We’ve been spoiled this year with so many cookbooks from Portland-based restaurants. My personal favorite is Toro Bravo by Liz Crain. It has everything a great cookbook should have: beautiful photography, wonderful recipes and an irreverent sense of humor.

And for lovers of good old-fashioned literary fiction, The Goldfinch by Donna Tartt has been a real staff favorite here. I just hope we don’t have to wait another ten years for her next novel.


Karen Hayes, co-owner of Parnassus Books, Nashville, TX

How long have you been working with books, and what’s your role at Parnassus Books?
I started in Telephone Sales at Ingram Book Company in 1978. 12 years there and 18 as a sales rep for Random House until I left there in 2011 to open Parnassus Books, which I co-own with Ann Patchett.

What do you think is the best thing about independent bookstores?
We provide a warm and welcoming space for lovers of the printed word.

Tell us a brief Parnassus Holiday Story…
This is an anecdote from Ann that happened in 2011 when we were having a hard time keeping a certain bio in stock. “I bought the Steve Jobs for my stepdaughter’s husband, but it turned out he already had it. When I brought it back the next morning, Andy was working the register. We made eye contact the second I came through the door. He raised his eyebrows and pointed discreetly at the book in my hands. I nodded. ‘Sir!’ he said to a gentleman who was walking dejectedly away. ‘I was wrong. I see we have one copy left.’ I went straight to the gift wrap table and wrapped it up.”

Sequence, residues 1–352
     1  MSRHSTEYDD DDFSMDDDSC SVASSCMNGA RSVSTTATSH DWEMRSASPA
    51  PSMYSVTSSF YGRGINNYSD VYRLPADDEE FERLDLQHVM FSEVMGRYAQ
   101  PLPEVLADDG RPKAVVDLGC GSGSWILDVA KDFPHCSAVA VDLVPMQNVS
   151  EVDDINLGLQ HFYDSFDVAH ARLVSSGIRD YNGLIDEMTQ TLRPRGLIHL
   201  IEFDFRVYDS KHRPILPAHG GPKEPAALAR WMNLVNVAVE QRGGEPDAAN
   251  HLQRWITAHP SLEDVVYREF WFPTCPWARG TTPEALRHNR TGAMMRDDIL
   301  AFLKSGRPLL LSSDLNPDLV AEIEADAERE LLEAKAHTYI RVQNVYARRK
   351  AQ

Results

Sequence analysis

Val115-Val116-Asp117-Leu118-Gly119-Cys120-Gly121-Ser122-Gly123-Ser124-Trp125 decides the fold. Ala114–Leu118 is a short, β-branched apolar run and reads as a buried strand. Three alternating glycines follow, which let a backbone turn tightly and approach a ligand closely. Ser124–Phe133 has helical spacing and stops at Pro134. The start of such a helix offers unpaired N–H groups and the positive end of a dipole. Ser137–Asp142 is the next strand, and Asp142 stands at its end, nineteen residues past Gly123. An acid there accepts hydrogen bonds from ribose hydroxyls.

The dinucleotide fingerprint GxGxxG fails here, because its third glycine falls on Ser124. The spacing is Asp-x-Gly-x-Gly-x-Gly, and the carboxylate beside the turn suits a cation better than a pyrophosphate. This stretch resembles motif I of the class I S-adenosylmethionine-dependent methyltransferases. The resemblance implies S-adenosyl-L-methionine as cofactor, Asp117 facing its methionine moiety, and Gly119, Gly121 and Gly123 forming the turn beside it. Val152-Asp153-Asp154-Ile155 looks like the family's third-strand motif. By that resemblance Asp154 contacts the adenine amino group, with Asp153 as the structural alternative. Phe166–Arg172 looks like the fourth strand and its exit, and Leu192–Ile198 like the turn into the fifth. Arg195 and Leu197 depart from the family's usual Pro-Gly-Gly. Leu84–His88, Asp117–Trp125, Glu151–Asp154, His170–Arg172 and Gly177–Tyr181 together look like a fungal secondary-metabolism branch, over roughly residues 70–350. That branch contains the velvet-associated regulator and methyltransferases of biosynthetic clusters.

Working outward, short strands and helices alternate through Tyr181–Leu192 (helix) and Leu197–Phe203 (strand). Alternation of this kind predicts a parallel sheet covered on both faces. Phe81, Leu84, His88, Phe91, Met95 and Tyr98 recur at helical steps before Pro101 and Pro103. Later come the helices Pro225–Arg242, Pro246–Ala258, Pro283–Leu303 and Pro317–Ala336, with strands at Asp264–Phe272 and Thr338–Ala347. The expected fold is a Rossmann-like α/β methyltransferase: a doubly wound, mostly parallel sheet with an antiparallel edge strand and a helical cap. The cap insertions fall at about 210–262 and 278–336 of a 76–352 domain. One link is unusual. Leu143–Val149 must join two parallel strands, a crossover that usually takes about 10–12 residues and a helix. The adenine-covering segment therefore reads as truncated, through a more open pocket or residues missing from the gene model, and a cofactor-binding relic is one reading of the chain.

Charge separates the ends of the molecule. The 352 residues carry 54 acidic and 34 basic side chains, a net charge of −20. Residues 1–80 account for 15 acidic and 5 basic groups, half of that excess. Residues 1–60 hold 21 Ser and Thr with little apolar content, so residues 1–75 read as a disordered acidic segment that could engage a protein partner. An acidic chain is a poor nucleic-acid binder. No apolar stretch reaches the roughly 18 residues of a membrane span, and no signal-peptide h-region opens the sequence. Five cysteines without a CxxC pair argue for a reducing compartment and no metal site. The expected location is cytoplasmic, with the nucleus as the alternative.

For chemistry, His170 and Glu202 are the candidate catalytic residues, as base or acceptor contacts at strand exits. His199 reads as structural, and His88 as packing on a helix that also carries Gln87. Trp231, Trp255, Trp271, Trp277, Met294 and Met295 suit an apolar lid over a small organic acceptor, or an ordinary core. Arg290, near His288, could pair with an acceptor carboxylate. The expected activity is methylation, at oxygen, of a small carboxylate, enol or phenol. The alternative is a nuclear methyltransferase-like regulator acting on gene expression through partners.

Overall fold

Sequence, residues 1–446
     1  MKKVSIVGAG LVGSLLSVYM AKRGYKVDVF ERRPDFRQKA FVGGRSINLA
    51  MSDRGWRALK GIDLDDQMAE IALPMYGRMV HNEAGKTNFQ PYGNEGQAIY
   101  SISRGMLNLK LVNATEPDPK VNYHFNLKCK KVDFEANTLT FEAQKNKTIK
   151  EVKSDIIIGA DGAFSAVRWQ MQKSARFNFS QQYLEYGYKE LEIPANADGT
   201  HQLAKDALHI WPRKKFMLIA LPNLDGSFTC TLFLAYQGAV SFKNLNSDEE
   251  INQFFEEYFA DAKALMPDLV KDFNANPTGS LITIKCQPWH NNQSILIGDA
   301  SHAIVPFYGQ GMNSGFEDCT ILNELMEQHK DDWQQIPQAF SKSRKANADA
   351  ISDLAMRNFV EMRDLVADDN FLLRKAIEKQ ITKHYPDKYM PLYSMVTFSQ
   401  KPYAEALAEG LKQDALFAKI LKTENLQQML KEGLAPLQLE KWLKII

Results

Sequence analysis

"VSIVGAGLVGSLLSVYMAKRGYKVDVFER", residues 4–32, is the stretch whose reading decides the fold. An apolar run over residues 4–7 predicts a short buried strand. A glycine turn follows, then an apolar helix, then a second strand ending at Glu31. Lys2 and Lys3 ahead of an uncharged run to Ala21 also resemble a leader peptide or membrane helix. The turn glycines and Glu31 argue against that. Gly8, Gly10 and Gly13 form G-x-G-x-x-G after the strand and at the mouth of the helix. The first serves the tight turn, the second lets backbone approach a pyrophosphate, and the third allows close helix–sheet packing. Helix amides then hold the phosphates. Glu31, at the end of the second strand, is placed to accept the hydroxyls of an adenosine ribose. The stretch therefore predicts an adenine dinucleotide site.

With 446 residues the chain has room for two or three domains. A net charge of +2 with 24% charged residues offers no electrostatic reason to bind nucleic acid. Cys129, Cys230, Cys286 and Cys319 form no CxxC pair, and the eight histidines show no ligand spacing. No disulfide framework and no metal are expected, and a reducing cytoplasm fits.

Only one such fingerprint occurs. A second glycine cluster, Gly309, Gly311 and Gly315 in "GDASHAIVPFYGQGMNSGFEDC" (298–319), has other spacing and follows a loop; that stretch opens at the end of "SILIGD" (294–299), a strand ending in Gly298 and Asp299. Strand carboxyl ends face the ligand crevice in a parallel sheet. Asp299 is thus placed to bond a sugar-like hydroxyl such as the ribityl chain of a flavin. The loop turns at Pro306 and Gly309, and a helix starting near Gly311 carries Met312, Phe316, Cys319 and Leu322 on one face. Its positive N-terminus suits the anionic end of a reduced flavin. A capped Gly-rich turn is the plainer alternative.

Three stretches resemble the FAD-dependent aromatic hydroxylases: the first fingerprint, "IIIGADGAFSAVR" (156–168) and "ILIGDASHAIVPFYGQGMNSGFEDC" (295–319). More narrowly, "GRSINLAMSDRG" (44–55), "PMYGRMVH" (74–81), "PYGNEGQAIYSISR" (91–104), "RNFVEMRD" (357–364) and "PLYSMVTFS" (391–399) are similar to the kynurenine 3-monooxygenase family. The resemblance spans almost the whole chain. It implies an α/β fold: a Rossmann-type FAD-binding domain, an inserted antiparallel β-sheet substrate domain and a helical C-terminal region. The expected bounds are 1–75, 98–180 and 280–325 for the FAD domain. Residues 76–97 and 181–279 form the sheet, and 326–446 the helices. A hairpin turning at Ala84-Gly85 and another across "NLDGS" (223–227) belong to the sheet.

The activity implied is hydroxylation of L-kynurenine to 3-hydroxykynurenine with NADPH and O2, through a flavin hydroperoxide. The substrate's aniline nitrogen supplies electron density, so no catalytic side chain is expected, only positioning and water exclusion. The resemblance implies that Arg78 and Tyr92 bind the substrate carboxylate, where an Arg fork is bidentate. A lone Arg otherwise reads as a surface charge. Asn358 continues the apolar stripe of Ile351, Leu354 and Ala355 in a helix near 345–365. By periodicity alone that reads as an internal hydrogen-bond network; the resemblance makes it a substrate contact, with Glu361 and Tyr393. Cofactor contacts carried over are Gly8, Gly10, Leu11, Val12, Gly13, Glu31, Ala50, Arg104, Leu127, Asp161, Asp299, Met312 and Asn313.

What’s your favorite book published by Chronicle?
The Hatch Show Print book. We sell it like crazy. But more recently it has to be Maddie on Things.

Which five books are you recommending this season?
This is the Story of a Happy Marriage, by Ann Patchett, for anyone and everyone and their mothers (we aren’t biased at all).

The Goldfinch, by Donna Tartt, for anyone who loves a completely absorbing big book to lose yourself in.

Steelheart, by Brandon Sanderson, for teenage boys and/or George RR Martin fans.

The Men Who United the States, by Simon Winchester, for dads and history lovers.

The Day the Crayons Quit, written by Drew Daywalt and illustrated by Oliver Jeffers, for any parent who wants a book that they will actually enjoy reading again and again to their kids.

Have you taken the pledge to Give Books this holiday? For every #GiveBooks tweet, pin, and online signature, we’re donating a book to a child in need. Our goal is to donate 10,000 books by December 15. We’re halfway there but we still need your help. Click here to take the pledge, and please spread the word!

UPDATE: Click here for Part 2 of the series, with more recommendations from Politics & Prose, Common Good Books, and BookPeople!

Guinevere de la Mare
Senior Community Manager

Guinevere de la Mare

Guinevere de la Mare

Guinevere de la Mare is a writer, book lover, and the founder of Silent Book Club. She lives in San Francisco. She also was the senior community manager at Chronicle Books from 2009-2014.
Guinevere de la Mare